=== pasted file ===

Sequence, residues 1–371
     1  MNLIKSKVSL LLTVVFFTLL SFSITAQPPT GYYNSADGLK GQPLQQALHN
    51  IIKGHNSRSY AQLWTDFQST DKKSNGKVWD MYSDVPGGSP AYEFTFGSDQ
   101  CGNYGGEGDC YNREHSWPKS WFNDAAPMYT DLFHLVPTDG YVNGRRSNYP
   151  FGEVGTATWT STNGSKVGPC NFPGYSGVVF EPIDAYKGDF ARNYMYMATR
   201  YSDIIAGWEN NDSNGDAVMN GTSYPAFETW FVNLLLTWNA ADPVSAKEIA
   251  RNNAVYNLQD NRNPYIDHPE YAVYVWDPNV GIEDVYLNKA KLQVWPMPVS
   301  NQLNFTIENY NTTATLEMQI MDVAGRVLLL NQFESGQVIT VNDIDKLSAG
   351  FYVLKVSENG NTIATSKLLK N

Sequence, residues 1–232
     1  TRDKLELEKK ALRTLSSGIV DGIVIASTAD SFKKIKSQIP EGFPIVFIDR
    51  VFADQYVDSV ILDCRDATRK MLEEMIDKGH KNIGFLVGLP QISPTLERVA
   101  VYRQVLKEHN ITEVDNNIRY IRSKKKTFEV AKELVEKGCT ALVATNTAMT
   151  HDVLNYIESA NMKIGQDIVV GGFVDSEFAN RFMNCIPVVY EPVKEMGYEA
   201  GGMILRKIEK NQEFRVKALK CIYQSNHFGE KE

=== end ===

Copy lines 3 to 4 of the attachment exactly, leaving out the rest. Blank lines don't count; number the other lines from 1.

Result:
    51  IIKGHNSRSY AQLWTDFQST DKKSNGKVWD MYSDVPGGSP AYEFTFGSDQ
   101  CGNYGGEGDC YNREHSWPKS WFNDAAPMYT DLFHLVPTDG YVNGRRSNYP